Rocket League One Year Later

You have just entered a game. You get a good look at the field as other players are joining in. You hear the countdown commence—3… 2… 1… GO! If you are positioned at the back, most likely you stay there and play goalie. Though if you are at the front, you hit that boost button and put the pedal to the metal simply to be the first one that touches that ball. Those who have played a game or two of Rocket League know the feeling all too well. That very moment is when the chaos take full effect, and one year later, the game still holds a special place in the industry. Players are still customizing their cars and making memories with clutch plays like this highlight I was able to capture on our Twitch channel. So, let us take a look how far Psyonix has taken Rocket League, because for many of us here on staff, it has never left our hard drives and we still continue to enjoy it.
Fellow staff member Cody Armour and I teamed up for a session during this years pledge drive

Fellow staff member Cody Armour and I teamed up for a session during this years pledge drive

First, for those who don’t know much about it or never had much interest, it all started on July 7th of 2015. At this time, the game was only available on PC and PS4, and at one time was a free game of the month on Playstation Plus. Now if you own an Xbox One you will find it in the marketplace, but it actually did not make it there until February of this year. While not yet on OS X or Linux, Rocket League is now available for just about everyone to dive into. Now coming back to the present day, for those who prefer physical copies of their games, a “Collector’s Edition” that includes all previously released DLC is now available which stretches its reach to an even wider audience. Not only have the developers broadened the game’s presence, they continue to clear hurdles in development that can possibly make game-changing advancements for the industry as a whole.


Back in March, news broke out that cross-platform gaming is now possible between PS4 and Xbox One. Many games have already been doing so with their PC counterparts for years now, and Rocket League happened to be one of those. In response to the rumors, Microsoft had said that they were ready if the opportunity would arise. However, Sony simply responded by saying “We would be happy to have the conversation with any publishers or developers who are interested in cross platform play.” Recent news coming directly from Psyonix VP Jeremy Dunham says that the mentioned cross-platform feature between the consoles is actually complete and could be up and running within a business day. The only thing they are waiting for is of course a response from Sony. He believes that their lack of response is not due to reluctance, but more along the lines of making sure they have everything in place for it to work on their end.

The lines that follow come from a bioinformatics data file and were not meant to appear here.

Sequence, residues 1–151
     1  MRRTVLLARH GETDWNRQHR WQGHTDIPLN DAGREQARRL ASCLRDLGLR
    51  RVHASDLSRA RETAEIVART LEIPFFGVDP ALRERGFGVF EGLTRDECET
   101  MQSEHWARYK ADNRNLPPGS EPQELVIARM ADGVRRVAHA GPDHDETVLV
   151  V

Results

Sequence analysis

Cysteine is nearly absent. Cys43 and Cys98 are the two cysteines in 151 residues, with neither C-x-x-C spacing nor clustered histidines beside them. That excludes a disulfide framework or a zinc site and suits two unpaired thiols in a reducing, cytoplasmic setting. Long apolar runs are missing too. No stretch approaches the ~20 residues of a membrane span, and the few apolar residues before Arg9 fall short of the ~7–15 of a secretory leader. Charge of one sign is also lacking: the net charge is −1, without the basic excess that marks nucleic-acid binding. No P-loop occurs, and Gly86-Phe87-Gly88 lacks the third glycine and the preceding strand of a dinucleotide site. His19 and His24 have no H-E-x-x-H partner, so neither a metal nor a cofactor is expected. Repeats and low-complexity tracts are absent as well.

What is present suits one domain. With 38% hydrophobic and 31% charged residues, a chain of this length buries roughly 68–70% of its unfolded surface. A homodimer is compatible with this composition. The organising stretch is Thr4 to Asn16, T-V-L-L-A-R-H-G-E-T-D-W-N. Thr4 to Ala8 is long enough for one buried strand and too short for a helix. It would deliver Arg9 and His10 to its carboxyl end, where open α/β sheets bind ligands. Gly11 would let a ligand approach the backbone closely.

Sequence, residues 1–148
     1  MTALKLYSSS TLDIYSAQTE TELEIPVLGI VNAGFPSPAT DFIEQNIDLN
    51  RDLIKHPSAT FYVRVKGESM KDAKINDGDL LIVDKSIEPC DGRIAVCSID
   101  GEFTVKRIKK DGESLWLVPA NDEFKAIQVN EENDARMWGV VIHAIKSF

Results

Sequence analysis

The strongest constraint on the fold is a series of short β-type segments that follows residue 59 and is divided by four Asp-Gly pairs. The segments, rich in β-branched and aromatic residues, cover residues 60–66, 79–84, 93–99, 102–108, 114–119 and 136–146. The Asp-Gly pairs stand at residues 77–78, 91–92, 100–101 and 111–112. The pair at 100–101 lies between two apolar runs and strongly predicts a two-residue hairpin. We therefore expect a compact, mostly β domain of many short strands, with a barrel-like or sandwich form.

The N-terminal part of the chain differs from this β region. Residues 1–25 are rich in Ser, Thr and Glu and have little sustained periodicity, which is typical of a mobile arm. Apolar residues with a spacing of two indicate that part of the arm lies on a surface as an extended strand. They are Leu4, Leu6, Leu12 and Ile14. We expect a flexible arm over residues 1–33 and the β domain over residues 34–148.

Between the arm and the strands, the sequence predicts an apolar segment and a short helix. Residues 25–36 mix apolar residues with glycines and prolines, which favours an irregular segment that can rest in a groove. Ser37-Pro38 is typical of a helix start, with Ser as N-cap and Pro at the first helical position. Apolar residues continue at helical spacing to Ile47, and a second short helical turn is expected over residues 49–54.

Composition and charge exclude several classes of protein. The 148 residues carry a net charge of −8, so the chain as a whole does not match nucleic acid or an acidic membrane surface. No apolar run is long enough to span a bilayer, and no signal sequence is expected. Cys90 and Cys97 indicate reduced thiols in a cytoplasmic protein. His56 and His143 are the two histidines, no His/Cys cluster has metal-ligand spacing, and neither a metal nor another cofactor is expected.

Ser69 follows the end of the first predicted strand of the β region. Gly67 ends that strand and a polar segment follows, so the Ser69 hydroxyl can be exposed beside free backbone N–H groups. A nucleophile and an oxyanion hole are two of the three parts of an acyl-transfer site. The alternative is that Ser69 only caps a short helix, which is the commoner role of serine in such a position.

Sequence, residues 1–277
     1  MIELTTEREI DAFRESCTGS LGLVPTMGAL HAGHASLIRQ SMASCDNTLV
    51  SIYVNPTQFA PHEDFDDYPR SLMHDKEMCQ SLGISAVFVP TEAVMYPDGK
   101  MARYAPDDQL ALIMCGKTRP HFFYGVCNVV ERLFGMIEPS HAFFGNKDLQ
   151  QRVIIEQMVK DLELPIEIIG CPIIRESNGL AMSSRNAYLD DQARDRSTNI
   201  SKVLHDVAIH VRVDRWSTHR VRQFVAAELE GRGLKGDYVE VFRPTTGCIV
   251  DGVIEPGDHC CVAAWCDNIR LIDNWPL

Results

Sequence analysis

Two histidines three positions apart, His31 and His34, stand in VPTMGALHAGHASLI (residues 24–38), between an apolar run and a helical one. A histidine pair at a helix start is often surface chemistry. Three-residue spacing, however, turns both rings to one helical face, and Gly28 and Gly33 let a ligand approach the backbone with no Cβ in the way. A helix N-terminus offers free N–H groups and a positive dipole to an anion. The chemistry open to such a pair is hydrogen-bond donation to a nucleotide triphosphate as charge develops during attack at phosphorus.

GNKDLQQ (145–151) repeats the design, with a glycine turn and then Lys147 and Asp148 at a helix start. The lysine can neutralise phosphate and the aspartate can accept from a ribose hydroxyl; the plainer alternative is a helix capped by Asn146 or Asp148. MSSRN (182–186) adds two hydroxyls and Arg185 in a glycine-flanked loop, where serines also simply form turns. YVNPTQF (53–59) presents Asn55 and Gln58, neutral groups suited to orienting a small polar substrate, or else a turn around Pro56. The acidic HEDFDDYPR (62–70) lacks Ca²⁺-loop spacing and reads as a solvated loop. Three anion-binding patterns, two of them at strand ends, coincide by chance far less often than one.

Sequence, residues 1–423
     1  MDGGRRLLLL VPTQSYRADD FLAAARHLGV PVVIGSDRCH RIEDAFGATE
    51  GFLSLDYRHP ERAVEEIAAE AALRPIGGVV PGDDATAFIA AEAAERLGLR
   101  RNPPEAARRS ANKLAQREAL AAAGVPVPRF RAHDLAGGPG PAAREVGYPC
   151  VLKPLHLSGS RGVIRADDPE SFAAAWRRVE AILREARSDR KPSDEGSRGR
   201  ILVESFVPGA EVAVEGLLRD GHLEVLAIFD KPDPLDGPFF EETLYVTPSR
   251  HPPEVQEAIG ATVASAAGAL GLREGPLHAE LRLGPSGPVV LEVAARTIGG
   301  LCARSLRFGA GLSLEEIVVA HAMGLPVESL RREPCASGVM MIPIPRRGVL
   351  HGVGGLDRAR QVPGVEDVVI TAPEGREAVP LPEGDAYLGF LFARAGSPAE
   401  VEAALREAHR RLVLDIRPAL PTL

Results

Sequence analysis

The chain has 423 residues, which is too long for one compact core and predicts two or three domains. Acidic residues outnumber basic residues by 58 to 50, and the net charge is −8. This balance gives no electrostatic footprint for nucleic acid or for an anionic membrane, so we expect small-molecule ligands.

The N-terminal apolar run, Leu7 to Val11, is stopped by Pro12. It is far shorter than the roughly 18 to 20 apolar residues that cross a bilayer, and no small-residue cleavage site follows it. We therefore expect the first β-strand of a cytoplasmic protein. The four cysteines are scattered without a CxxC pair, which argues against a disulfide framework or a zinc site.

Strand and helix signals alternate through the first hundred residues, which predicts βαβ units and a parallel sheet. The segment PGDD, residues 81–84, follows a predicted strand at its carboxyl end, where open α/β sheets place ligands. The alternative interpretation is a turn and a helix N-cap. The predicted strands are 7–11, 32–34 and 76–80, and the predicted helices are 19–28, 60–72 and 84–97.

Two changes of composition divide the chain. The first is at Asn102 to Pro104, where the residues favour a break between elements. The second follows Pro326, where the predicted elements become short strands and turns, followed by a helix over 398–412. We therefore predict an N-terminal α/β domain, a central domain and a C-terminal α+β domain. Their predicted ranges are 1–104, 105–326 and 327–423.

Psyonix successful took us from the soccer field to the basketball court

Psyonix successful took us from the soccer field to the basketball court

When the game released, we saw it as soccer with rocket cars, but we never expected to be playing hockey or basketball matches along with the hectic experimentation found in the “Rocket Labs” section. Other developers and publishers have even got in on the action. You can add antennas and toppers to your car that represent franchises all the way from Worms to The Witcher. Online communities have also gotten a taste of the sweet Rocket League pie in the form of community flags that you can equip onto your car’s antenna so players can rep their favorite communities in which they probably spend a lot of their time such as IGN, Rock, Paper, Shotgun, and Twitch to name a few.
Psyonix has done something with Rocket League that developers of other online games could only hope to achieve: they have successfully kept players and fans engaged. One reason could possibly be that they are all the major updates for free; the only thing that players really need to pay for are the extra cars that aren’t exactly essential to get the full experience. So if you don’t want to pay for extra cars, you really don’t have to. Personally, when I first saw the trailer for the game, I actually thought it looked like a ton-o-fun and maybe that was just me. I really had no idea it was going to be as big as it is today, and it is great to see that the developers found great success after they handed it to a large number of players for free. So, are you still playing Rocket League a year later? Let us know in the comments below!

Well, congratulations to Psyonix on an awesome first year of Rocket League and hopefully many more. I’m sure I can speak for the rest of the players we have here on staff and say that we are looking forward to seeing what else is in store.

[amazon template=iframe image&asin=B01HGUCBAI,B01D9T0BAC]

L.J. Lowery

Born in southern California, but currently residing in Lafayette, Louisiana. Loves Hip Hop music, comics, and video games. Events/Media Coordinator, Podcast Producer, and Public Relations.

Leave a Reply